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Saturday, 25 April 2015

Review: Coastliners, Joanne Harris

If there is one thing this novel will tell you, it is that island life, no matter how picturesque the dressing, is far from romantic. Islanders can harbour the deepest of secrets, iron-clad bonds, and grudges that seem ancient as the Classics.

Le Devin, the setting of the book, is split into two sides: La Houssinière, prosperous, tourist-friendly, and claiming the most habitable part of the island; and Les Salants, a poor fishing village with little to recommend it to the tourists that descend on the island each year. It is no surprise that rivalry has existed between the two communities for as long as anyone can remember, mainly thanks to La Houssinière's complete control over the island's only beach, the main source of prosperity.

It is into this community that Mado, the book's protagonist, enters. Returning to the home that she left when she was small in order to care for her father, she quickly sees that Les Salants is suffering from an almost incurable sense of hopelessness, and desperately wants to wake it up. She meets Flynn, someone not from Le Devin but is treated as one of Les Salants, anyway, and tries to reacquaint herself with the small community. She quickly learns to distrust Claude Brismand, a La Houssinere entrepreneur who essentially seeks to own the whole island, and openly allies herself with Les Salants with the hope that in doing so, they will allow her to help them rejuvenate their part of the island.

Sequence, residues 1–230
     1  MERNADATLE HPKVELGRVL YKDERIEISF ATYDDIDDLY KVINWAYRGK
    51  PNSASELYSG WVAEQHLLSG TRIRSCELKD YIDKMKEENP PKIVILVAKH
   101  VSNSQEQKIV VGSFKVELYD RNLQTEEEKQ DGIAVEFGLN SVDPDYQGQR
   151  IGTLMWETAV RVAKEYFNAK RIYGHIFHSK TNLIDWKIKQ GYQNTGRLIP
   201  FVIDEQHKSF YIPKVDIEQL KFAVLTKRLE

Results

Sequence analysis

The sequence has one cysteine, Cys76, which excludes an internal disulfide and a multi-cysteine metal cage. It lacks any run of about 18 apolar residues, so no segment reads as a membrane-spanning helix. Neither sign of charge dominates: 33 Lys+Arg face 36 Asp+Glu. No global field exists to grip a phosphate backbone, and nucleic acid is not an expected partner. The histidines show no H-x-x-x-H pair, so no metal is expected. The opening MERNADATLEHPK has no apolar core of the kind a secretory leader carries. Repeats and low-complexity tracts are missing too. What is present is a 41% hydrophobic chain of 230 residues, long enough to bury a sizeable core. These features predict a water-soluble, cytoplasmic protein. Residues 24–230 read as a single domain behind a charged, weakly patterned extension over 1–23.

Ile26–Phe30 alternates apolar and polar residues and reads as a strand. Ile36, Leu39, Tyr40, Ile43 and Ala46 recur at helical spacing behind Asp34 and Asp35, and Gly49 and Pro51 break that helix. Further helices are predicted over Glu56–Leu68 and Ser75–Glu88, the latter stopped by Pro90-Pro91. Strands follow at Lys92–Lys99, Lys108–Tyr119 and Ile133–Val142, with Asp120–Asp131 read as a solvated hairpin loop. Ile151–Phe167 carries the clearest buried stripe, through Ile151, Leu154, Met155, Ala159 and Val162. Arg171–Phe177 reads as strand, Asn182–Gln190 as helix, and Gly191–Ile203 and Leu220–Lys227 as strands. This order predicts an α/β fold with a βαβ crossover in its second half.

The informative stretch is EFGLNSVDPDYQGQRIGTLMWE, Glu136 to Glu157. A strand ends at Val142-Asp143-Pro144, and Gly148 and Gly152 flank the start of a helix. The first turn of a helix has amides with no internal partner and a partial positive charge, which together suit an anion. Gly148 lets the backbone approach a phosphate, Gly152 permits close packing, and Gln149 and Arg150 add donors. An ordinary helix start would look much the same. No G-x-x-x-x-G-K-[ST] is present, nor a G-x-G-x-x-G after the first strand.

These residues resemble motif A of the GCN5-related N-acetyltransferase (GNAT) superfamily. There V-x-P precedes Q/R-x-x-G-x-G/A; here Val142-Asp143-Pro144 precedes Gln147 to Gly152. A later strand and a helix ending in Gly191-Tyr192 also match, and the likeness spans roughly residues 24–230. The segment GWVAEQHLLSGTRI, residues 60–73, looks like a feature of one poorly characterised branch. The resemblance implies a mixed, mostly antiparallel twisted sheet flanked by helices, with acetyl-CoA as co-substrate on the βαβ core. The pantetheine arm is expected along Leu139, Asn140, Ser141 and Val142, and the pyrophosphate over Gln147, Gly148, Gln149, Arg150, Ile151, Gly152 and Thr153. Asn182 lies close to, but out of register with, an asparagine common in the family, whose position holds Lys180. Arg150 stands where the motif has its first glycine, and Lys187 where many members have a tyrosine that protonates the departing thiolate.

It's easy to get swept along in Harris' evocative style, despite the oppressiveness that you can feel at the lack of hope in Les Salants. You can almost taste the salty air, feel the crisp breeze, and your heart aches at the thought of the Les Salants community dying because no one knows how to fix it, or is willing to find out why. However, Harris gradually starts to inject hope like a drip feed. Mado finds out what is happening to the beach and works with Flynn to find a solution; the beloved Saint, lost in the sea at her own festival, miraculously returns; the rivalries within Les Salants itself is put aside for the sake of banding together and doing what they can to put Les Salants on the map. But just when everything is going swimmingly, disaster strikes. Betrayals, hurts, secrets come out into the open and you wonder why they bothered putting in the effort in the first place.

It's a story that can never have a true ending, only a kind of pause, and Harris chooses the pause well. It's difficult to say goodbye to the characters, for whom you feel admiration and pity in equal measure, as you want to know that they're going to be okay. Yet, their lives will go on; it's just unfortunate that we don't get to witness it.

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